Meta-feedback, debriefing: This exercise can be difficult to “de-brief”. Make sure that you don’t just rush on to the next thing, though. Participants will need time to process the experience. Original method: Theatre
6. Multilingual scenes Description of the exercise: Two people are chosen, each of whom speaks a language the other doesnâ€™t know. A short improvised scene is performed in front of the rest of the group. One person is only given the setting (e.g. you are a shopkeeper/ or you are walking in town). The other person is given a secret instruction (such as you wish to buy a spoon or you are lost and need directions/ need help). The scene is performed in 2 languages and they have to try to communicate with each other. Aim of the exercise, learning outcomes: Group gain an understanding of how we can still make ourselves understood even if we donâ€™t speak the same language. The group can also see dramatic potential of working in more than one language. Structure: Pairs to perform scenes in front of the whole group. Suggest 3 different scenarios. Target population: Any group- though best with group made up of people who speak different languages. If group all speak same languages then gobbledegook (made-up languages) could be used. Special aspects to be aware of when working with vulnerable/marginalized groups: Some participants might be reluctant to stand up and perform in front of the rest of the group. It is best to choose people at the beginning who are willing to have a go and build to including others. Verbal/nonverbal aspects to be aware of when working with language difficulties: Mother tongue languages are used- facilitators might need to demonstrate with a volunteer first to help the group understand what they need to do. Minimum-maximum group size: any size works Original method: Theatre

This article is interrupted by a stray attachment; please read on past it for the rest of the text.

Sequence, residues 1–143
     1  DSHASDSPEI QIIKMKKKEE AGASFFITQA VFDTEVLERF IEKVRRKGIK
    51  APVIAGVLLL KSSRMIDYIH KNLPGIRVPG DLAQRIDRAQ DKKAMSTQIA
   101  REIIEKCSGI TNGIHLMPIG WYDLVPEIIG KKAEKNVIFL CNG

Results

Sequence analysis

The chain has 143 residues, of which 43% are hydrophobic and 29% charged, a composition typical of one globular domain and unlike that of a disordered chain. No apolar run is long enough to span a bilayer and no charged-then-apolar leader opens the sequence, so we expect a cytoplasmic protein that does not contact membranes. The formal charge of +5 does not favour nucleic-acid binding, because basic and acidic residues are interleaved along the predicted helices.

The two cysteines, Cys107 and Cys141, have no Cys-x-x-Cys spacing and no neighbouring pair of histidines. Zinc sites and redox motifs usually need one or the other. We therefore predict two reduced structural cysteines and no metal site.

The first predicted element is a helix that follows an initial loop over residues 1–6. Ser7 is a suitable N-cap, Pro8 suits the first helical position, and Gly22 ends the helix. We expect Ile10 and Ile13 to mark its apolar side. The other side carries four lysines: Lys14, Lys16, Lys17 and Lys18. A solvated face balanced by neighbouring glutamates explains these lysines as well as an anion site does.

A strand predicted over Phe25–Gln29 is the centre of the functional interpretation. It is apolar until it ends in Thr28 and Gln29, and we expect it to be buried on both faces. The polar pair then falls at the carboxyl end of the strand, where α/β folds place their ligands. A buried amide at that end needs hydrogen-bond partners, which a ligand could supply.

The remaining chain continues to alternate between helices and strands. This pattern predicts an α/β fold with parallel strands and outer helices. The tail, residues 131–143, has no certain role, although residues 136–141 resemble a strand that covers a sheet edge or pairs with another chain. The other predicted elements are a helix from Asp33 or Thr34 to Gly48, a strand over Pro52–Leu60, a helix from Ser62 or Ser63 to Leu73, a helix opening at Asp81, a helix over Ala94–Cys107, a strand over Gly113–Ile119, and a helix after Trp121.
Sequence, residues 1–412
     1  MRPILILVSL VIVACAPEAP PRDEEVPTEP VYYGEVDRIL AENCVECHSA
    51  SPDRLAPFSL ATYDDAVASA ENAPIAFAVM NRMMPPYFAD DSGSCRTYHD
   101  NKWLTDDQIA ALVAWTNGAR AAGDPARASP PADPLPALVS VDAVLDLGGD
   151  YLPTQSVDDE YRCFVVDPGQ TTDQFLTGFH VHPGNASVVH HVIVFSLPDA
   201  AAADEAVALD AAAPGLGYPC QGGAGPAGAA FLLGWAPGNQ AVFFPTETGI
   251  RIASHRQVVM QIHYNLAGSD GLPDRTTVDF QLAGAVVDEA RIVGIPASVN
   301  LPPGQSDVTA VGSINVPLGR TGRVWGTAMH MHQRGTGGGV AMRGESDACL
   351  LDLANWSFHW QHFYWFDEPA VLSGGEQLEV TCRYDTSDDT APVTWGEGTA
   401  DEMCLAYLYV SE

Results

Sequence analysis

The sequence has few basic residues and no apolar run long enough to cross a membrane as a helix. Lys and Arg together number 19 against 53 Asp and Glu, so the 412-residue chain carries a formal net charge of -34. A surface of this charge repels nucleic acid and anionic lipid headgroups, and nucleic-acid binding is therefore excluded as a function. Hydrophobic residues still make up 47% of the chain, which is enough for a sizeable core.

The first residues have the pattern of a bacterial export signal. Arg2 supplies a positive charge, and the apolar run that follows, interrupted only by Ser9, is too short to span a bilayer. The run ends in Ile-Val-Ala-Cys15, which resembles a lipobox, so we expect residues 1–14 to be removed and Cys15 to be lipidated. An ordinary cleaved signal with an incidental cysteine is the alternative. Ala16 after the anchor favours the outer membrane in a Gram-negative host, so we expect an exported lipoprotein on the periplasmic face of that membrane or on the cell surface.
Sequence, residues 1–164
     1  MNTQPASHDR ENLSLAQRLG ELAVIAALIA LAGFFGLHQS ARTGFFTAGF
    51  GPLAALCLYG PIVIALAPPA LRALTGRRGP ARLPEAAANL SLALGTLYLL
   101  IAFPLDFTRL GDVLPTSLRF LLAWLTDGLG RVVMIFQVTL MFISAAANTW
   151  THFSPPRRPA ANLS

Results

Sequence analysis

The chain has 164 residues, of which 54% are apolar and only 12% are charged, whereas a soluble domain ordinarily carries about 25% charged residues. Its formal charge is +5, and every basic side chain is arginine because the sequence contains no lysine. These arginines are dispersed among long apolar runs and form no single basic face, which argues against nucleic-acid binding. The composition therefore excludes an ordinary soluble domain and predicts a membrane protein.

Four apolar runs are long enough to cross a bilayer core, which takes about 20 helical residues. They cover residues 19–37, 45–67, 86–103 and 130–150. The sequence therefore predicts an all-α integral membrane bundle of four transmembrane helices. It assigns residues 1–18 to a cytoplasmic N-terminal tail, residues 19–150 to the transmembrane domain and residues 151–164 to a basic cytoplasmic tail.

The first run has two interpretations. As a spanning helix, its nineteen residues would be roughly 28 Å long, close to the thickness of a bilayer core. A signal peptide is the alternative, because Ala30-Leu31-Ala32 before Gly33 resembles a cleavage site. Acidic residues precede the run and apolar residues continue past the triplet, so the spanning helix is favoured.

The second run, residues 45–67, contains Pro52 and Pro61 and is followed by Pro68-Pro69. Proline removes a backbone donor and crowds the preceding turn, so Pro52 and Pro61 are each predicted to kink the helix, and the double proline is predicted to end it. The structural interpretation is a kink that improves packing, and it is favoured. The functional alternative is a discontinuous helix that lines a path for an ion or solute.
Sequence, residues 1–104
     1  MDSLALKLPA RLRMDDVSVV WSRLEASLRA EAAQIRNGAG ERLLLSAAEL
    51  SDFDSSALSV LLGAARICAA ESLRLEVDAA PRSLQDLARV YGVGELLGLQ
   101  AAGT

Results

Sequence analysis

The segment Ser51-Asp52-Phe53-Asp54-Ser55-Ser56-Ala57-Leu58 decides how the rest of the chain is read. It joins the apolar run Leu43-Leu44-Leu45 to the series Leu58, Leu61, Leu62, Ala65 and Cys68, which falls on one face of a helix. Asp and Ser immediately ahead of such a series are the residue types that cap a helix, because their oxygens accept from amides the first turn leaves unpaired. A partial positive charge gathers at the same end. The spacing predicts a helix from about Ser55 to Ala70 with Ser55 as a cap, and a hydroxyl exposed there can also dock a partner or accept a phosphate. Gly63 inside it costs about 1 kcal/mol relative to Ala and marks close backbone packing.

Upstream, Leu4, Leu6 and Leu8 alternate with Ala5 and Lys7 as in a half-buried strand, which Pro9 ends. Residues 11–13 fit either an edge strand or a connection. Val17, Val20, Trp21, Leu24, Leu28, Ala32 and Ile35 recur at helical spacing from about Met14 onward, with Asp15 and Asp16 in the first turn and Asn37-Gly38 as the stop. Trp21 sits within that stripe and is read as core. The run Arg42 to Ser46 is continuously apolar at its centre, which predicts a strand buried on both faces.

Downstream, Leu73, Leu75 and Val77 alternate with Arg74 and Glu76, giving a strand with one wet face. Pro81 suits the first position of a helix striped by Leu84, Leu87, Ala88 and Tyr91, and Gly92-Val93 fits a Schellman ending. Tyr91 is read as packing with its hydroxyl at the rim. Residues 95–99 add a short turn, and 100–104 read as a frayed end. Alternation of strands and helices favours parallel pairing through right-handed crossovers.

7. Tell your stories in three pictures Description of the exercise: The group is divided into small groups. Every participant needs to find two or three photos on their mobile phone which they think represents either a funny story, something connected to their life or connected to the topic of the training they are participating in. They show the photos to each other in their smaller groups without explaining anything. The others in the group have to analyse the photos and tell a story, that they think the photos could represent. At the end the original person confirms or rejects the story and tells their reason for choosing the pictures. Aim of the exercise, learning outcomes: improvising stories, ice breaking, introduction to storytelling, understanding the role and availability of digital tools in our everyday life Structure: individual towards the group Target population: any Special aspects to be aware of when working with vulnerable/marginalized groups: none Verbal/nonverbal aspects to be aware of when working with language difficulties: This game can work non-verbal, as the story is told in pictures and is left to everyone to imagine. Multicultural aspects to be aware of: none Minimum-maximum group size: from 2 upwards Conditions: can be used either as an icebreaker or for introducing storytelling principles. The exercise can be used as well for communication trainings, introduction of any topic. If non-verbal stories should be told, the facilitator could provide certain photos, but usually the participant should use three photos from their mobile devices. Ensure that every participant is willing to do so and is equipped. As plan B have some print out/stock photos ready. Duration: 20 minutes Equipment: mobile phones of participants Development of the exercise, possible variations: the context of the three pictures can be changed, even opening the exercise to build a longer narrative, if necessary Original method: Storytelling